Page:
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From Eyesore to Exclamation Point--at Quite an Expense


If you want to understand how a remodeling project can snowball from low budget to no budget, from ordinary to over the top, you should hear from a couple whose remodel did just that.

When Gilberto Martinez, an architect and contractor, and Shannon Sullivan Martinez, an attorney, bought their West Hollywood probate-enmeshed home from the courts in 1993, the relatively low $150,000 purchase price seemed, nevertheless, like an unreasonable amount.

After all, the 1920s two-bedroom cottage was little more than crumbling plaster, termite-devoured walls and plumbing clogged from the bathroom to the street. The couple called it a "major fixer."

"Our families hated us," said Martinez, a native of Cuba. While his relatives, who live nearby, wanted him and Shannon to live closer than when they had a rented abode over a garage in Brentwood, the family felt that the dilapidated, 1,300-square-foot house was not a good investment.

And the couple were not without misgivings, knowing that you can't really anticipate all the challenges in a remodel--including expensive electrical and foundation problems--until you are irreversibly into the demolition stage.

"We were scared," Shannon recalled.

Still, the couple jumped in, and budgeted $30,000 to make improvements. Between the time the remodel started in late 1994 and the time they moved in early in 1996, however, powerful forces blew the budget into a fourth dimension.

Those forces were Gilberto's artistic vision and creative passion, coupled with Shannon's support for her husband's desires.

"It's his career," she figured, and urged him on: "Honey, do what you want."

By the time it was over, $380,000 had been spent on the remodel, not including Gilberto's labor.

Of course, other than the footprint of the original structure, barely a vestige remains of that earlier shack. What sits on the lot today is not only a new sleek, contemporary home built of the finest (and most expensive) materials, but it's also somewhat difficult to describe.

When asked to define the architectural style, Gilberto wouldn't. Or couldn't.

"He doesn't like to be labeled," Shannon explained.

Perhaps all viewers--and there have been many who stop, gawk, stare, sketch and knock on the front door for a look inside--must decide for themselves how to categorize the design.

The house is basically two sage-green stucco boxes, with a salmon-colored entry tower in the middle.

One side of the tower is all right angles, while the other side appears to be squished in and is covered with layers of stainless steel. "Gumby wall" seems an apt description.

In the center is the front door, made of aluminum and glass; it is custom-made, heavy and very expensive. Walking through the doorway, you think, "Is this a home or an office building?"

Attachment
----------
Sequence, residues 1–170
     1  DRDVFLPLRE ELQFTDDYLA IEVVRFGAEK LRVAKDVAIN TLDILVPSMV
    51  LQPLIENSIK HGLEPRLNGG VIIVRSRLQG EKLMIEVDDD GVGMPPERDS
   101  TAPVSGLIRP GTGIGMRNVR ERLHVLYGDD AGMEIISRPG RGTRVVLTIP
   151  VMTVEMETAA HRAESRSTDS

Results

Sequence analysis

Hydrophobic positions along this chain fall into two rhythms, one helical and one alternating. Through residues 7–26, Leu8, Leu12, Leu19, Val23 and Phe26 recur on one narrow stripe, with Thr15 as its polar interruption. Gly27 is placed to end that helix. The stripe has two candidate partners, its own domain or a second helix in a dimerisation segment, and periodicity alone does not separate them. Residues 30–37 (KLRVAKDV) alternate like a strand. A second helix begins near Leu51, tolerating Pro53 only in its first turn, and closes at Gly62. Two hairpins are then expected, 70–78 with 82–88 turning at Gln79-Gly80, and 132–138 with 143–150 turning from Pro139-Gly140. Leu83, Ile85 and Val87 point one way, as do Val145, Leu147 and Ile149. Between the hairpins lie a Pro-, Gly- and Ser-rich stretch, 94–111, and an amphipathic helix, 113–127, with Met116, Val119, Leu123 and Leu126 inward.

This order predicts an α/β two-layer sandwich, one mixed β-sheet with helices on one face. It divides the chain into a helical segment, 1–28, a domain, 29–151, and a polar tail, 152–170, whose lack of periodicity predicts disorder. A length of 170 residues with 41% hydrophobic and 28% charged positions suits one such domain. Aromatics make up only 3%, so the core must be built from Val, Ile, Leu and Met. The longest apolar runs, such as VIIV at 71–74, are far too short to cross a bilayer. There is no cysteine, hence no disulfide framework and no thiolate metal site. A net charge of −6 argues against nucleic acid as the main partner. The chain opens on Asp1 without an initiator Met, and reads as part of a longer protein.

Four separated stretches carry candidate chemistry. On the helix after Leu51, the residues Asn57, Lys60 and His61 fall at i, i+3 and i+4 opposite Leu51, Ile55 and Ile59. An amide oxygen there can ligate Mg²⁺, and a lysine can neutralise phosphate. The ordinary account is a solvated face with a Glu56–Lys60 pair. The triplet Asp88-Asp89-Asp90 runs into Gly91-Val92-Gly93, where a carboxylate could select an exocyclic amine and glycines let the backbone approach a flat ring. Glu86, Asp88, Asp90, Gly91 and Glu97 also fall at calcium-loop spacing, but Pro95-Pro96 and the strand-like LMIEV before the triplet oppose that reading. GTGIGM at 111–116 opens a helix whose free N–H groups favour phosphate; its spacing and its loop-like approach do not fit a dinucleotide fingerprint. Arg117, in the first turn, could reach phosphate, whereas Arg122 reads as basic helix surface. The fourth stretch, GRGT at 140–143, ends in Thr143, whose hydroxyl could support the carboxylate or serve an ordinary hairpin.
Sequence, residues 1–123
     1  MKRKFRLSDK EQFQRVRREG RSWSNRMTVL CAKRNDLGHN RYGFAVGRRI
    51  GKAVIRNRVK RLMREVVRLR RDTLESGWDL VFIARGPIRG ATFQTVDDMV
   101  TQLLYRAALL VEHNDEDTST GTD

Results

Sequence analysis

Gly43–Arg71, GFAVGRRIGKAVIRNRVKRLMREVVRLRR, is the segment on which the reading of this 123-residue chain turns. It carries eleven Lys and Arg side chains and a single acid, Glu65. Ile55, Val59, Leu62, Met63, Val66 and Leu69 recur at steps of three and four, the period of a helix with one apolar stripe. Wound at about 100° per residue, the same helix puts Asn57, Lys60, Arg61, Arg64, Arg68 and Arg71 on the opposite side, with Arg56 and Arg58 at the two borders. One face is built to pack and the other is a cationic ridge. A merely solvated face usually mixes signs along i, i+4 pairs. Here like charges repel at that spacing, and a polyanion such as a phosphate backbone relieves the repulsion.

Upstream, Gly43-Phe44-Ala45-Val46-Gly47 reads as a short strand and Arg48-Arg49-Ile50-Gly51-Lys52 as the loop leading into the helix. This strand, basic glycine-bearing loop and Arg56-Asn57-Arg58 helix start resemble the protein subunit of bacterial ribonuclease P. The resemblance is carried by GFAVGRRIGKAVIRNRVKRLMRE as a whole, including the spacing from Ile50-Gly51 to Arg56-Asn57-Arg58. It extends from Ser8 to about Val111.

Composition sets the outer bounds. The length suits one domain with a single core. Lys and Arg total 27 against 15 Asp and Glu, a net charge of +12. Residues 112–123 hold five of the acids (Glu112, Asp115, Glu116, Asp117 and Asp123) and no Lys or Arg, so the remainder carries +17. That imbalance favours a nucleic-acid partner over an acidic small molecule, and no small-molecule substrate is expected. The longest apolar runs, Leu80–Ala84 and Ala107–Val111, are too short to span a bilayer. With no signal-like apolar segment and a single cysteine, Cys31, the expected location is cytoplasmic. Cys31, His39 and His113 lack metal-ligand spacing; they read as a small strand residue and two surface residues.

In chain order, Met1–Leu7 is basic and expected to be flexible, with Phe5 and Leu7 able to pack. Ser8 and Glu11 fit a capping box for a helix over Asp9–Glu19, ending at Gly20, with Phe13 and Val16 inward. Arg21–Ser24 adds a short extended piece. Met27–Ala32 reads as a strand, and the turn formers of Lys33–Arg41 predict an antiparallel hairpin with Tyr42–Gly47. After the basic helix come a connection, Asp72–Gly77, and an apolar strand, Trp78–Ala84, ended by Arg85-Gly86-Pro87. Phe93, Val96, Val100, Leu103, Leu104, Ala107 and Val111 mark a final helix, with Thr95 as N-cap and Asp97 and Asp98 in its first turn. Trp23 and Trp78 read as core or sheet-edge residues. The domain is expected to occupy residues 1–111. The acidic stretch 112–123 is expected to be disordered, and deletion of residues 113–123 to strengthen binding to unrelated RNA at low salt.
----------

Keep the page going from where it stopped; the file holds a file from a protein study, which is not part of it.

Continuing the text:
Inside, it only gets weirder. To the right of the front door, a large window is set at an angle into the wall.

"It angles in, it angles up," Martinez said. The high foyer is lit by a large skylight.

And on the floor, tiles are set at two different angles, one set angling into a bedroom and guest bathroom, and another angling into the living room.

The living room is furnished with two leather and chrome chairs and an oddly shaped green chaise longue, the design of which Gilberto sketched on a napkin and had made by his father's West Hollywood company, H&G Custom Upholstery.

While employees were making the chaise longue, "they hated it," Gilberto said, but when the piece was done, the craftsmen came to appreciate its beauty, he said.

On the wall hangs a large portrait of Louis Kahn, whom Gilberto describes as "next to me, one of the greatest architects."

Beyond the living room are the dining room, furnished with a glass table (chosen to make the space seem larger), and the kitchen, with maple laminate cabinets, black granite counters and a stainless steel refrigerator. To the right of the living room is a hallway leading to the master suite and a set of double doors opening to the backyard.

From the kitchen, another set of double aluminum-and-glass doors leads to an arbor-covered backyard patio and another deck bordered by a brilliant yellow wall.

Nearby, the garage is festooned, like the front of the house, with an oddly angled metallic wall. This time the wall was layered with galvanized metal rather than more expensive stainless steel, one of the couple's few attempts at moderation.

Throughout the house are aluminum windows, recessed ceiling lights and clean, stucco walls with an intricate series of light, heat and air conditioning switches (35 in all), vents and outlets. Shannon's father, a mechanical engineer, designed the air-conditioning system.

Ironically, in spite of the hard surfaces and angles, the interior of the house feels calm, comforting and down-to-earth.

Martinez explained the cause of all these sensations:

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